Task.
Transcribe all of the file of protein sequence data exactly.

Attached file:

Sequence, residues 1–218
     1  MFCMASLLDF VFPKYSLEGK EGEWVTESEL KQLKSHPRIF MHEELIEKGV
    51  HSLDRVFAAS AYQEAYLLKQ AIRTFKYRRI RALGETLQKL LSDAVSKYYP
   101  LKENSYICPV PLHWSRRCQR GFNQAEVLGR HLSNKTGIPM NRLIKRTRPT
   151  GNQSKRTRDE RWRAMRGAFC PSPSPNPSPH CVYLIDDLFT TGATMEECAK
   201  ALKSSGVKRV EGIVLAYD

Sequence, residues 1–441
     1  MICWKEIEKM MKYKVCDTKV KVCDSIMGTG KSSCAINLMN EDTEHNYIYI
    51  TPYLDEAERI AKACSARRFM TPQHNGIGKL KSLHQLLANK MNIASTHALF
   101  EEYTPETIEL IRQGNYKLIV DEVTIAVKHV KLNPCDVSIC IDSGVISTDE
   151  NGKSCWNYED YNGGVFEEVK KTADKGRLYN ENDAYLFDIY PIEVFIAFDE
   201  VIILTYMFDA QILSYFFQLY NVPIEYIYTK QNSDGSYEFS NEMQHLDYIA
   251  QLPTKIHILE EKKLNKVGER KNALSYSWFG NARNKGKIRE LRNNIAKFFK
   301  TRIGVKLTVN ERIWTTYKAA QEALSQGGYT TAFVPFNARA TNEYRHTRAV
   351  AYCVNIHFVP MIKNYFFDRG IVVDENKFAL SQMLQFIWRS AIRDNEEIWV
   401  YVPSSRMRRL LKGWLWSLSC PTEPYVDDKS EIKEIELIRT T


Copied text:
Sequence, residues 1–218
     1  MFCMASLLDF VFPKYSLEGK EGEWVTESEL KQLKSHPRIF MHEELIEKGV
    51  HSLDRVFAAS AYQEAYLLKQ AIRTFKYRRI RALGETLQKL LSDAVSKYYP
   101  LKENSYICPV PLHWSRRCQR GFNQAEVLGR HLSNKTGIPM NRLIKRTRPT
   151  GNQSKRTRDE RWRAMRGAFC PSPSPNPSPH CVYLIDDLFT TGATMEECAK
   201  ALKSSGVKRV EGIVLAYD

Sequence, residues 1–441
     1  MICWKEIEKM MKYKVCDTKV KVCDSIMGTG KSSCAINLMN EDTEHNYIYI
    51  TPYLDEAERI AKACSARRFM TPQHNGIGKL KSLHQLLANK MNIASTHALF
   101  EEYTPETIEL IRQGNYKLIV DEVTIAVKHV KLNPCDVSIC IDSGVISTDE
   151  NGKSCWNYED YNGGVFEEVK KTADKGRLYN ENDAYLFDIY PIEVFIAFDE
   201  VIILTYMFDA QILSYFFQLY NVPIEYIYTK QNSDGSYEFS NEMQHLDYIA
   251  QLPTKIHILE EKKLNKVGER KNALSYSWFG NARNKGKIRE LRNNIAKFFK
   301  TRIGVKLTVN ERIWTTYKAA QEALSQGGYT TAFVPFNARA TNEYRHTRAV
   351  AYCVNIHFVP MIKNYFFDRG IVVDENKFAL SQMLQFIWRS AIRDNEEIWV
   401  YVPSSRMRRL LKGWLWSLSC PTEPYVDDKS EIKEIELIRT T